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Her voice broke a little as she spoke. Seconds later, Point Fortin grandmother Sumintra Bajan was sobbing at the idea of turning 65 years old this month and not having her full family around to celebrate.

Along with her husband Albert Rampersad, she is stranded in the United States (US) for five months.

While there is emotional turmoil in Bajan’s mind, it is even worse for her husband Albert Rampersad, who developed prostate problems and needs urological intervention.

“We need to return home now. My husband needs to see a urologist,” Bajan told Guardian Media from Houston, Texas.

To access proper and affordable healthcare in the USA, one needs health insurance. In the absence of that, Bajan said their medical bills at Herman Memorial Medical Centre is piling, and they have not settled one debt to date.

“It is like living in hell. In the day, we pray for night to come, and when night comes, you cannot sleep. You are just hoping to hear something over the phone about getting to return home. The information we are getting, it always seems false. They have us living in hope, and it is killing us.”

Bajan and Rampersad left Trinidad on February 14 to help their daughter and grandchild settle in their new life in Houston. They were supposed to depart on May 30 to return home, but with the borders closed, there was nothing they could do.

On March 21, National Security Minister Stuart Young announced that the government would lock down the borders on March 24.

But with just over two months of their stay remaining, Bajan was not worried. Even as May approached, the couple was unfazed as the T&T COVID-19 effort seemed successful.

“We thought it would have been shorter than this extensive period that we are having now. We knew about the closure of the borders, but we always thought things would work out because we heard how the rates were low. We thought they had it under control, so we did not worry about it.

“When May 30 reached, flights were leaving the US, and our borders were closed, so there was no way of getting back home. We applied for exemptions on June 13 and again in July, but we never got any reply. We got nothing at all. My daughter called the Ministry but got nothing from them. Up to today, we do not know what is going on.”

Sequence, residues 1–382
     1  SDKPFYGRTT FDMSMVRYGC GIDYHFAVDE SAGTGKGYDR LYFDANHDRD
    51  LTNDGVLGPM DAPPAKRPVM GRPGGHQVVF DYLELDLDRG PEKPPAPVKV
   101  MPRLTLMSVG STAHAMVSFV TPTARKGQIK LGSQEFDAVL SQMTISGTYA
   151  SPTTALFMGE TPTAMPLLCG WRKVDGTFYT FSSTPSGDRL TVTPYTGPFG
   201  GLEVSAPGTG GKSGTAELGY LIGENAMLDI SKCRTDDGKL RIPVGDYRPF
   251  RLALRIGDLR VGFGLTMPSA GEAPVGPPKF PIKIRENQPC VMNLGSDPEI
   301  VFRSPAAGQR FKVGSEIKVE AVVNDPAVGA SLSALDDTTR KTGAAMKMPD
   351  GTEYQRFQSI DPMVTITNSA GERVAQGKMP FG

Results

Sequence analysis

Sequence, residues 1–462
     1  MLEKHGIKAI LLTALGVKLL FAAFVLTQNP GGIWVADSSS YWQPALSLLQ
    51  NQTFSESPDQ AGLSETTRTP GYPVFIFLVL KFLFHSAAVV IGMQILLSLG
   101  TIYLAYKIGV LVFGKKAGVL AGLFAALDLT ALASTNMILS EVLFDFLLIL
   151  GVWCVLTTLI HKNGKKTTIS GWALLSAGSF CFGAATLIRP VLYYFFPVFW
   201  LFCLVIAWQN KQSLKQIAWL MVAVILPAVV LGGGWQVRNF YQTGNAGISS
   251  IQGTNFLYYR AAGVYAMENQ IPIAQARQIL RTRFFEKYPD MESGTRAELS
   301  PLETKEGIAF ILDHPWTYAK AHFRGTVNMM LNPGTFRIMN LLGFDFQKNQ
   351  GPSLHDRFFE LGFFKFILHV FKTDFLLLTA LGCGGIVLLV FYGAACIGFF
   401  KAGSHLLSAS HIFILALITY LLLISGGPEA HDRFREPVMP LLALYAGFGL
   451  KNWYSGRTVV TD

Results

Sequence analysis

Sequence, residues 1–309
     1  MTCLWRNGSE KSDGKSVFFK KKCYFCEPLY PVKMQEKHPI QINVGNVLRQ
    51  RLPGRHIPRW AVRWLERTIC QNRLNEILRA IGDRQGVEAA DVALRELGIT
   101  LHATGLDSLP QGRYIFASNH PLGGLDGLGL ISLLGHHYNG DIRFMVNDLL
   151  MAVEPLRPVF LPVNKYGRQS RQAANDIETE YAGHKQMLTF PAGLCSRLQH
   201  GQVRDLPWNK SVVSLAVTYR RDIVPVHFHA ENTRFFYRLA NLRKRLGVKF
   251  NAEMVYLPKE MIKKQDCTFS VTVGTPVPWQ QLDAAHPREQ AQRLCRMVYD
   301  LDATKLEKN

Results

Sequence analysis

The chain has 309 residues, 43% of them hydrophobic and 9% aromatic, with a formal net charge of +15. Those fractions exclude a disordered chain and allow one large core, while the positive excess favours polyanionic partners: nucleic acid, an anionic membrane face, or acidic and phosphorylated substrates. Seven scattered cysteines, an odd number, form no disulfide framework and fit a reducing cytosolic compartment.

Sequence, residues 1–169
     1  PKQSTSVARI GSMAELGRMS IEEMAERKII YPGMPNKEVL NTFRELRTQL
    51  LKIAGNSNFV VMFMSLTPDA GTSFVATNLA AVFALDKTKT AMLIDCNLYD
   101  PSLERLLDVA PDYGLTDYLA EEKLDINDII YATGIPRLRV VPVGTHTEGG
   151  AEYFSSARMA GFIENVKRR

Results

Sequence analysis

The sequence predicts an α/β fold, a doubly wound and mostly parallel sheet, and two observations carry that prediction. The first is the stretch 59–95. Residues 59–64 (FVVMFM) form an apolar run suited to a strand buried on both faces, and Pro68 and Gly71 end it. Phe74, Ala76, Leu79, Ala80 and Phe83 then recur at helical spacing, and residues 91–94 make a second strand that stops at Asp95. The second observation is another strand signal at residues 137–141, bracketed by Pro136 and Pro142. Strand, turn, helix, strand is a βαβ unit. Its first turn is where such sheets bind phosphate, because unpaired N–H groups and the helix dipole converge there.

Both are diabetic and hypertensive, and on May 29, Rampersad fell ill and had to go to the medical centre. Doctors attended to him and gave him medication, but the bills are expensive. His pain subsided until August 31, when he again had to seek medical care.

“Up to this morning, we took him to the hospital again. They told him to go home and drink plenty of liquids, but he is not passing urine properly. He needs to return home to see a urologist.”

Even Bajan had to visit the doctor for her condition in July. While her daughter works, Bajan said she has a lot of bills and a child.

On July 30, Prime Minister Dr Keith Rowley said 50 per cent of the citizens who got exemptions returned home already. On August 29, Rowley announced that he would meet with the Ministry of National Security to work out plans to increase the rate of repatriation of citizens. He said notwithstanding the seriousness of the pandemic, it was only reasonable that citizens are allowed home.

While Bajan heard of Rowley’s statements, she is losing hope.

“On September 21, I will be 65 years, and I wish to be in Trinidad to spend my birthday with my children,” Bajan said.